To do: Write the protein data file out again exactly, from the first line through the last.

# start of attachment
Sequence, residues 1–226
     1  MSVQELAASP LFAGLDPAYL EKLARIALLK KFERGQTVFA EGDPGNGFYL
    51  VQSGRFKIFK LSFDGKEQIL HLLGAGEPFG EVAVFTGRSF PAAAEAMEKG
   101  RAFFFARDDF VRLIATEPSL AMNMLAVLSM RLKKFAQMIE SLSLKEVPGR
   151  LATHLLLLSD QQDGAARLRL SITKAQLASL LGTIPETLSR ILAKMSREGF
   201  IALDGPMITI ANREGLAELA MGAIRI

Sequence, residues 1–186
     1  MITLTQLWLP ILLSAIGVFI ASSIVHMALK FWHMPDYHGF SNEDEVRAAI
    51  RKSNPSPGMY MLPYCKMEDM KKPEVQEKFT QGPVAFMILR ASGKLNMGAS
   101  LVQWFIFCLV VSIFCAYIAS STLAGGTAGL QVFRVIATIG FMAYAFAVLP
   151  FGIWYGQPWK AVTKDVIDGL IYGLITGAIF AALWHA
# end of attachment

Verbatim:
Sequence, residues 1–226
     1  MSVQELAASP LFAGLDPAYL EKLARIALLK KFERGQTVFA EGDPGNGFYL
    51  VQSGRFKIFK LSFDGKEQIL HLLGAGEPFG EVAVFTGRSF PAAAEAMEKG
   101  RAFFFARDDF VRLIATEPSL AMNMLAVLSM RLKKFAQMIE SLSLKEVPGR
   151  LATHLLLLSD QQDGAARLRL SITKAQLASL LGTIPETLSR ILAKMSREGF
   201  IALDGPMITI ANREGLAELA MGAIRI

Sequence, residues 1–186
     1  MITLTQLWLP ILLSAIGVFI ASSIVHMALK FWHMPDYHGF SNEDEVRAAI
    51  RKSNPSPGMY MLPYCKMEDM KKPEVQEKFT QGPVAFMILR ASGKLNMGAS
   101  LVQWFIFCLV VSIFCAYIAS STLAGGTAGL QVFRVIATIG FMAYAFAVLP
   151  FGIWYGQPWK AVTKDVIDGL IYGLITGAIF AALWHA